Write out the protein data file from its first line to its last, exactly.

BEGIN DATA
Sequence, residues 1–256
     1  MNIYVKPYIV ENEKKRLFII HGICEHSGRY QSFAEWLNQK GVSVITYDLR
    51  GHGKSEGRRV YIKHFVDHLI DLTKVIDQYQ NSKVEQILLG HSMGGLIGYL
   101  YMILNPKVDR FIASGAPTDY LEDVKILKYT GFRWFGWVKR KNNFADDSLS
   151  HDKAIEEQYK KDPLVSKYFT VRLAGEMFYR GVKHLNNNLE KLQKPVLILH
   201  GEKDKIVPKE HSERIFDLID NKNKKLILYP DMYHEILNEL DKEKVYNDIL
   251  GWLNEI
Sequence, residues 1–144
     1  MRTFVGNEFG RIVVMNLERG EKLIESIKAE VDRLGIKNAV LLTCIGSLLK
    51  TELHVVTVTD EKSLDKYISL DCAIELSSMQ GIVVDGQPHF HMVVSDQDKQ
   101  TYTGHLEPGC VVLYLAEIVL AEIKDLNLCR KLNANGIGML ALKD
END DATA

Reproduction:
Sequence, residues 1–256
     1  MNIYVKPYIV ENEKKRLFII HGICEHSGRY QSFAEWLNQK GVSVITYDLR
    51  GHGKSEGRRV YIKHFVDHLI DLTKVIDQYQ NSKVEQILLG HSMGGLIGYL
   101  YMILNPKVDR FIASGAPTDY LEDVKILKYT GFRWFGWVKR KNNFADDSLS
   151  HDKAIEEQYK KDPLVSKYFT VRLAGEMFYR GVKHLNNNLE KLQKPVLILH
   201  GEKDKIVPKE HSERIFDLID NKNKKLILYP DMYHEILNEL DKEKVYNDIL
   251  GWLNEI
Sequence, residues 1–144
     1  MRTFVGNEFG RIVVMNLERG EKLIESIKAE VDRLGIKNAV LLTCIGSLLK
    51  TELHVVTVTD EKSLDKYISL DCAIELSSMQ GIVVDGQPHF HMVVSDQDKQ
   101  TYTGHLEPGC VVLYLAEIVL AEIKDLNLCR KLNANGIGML ALKD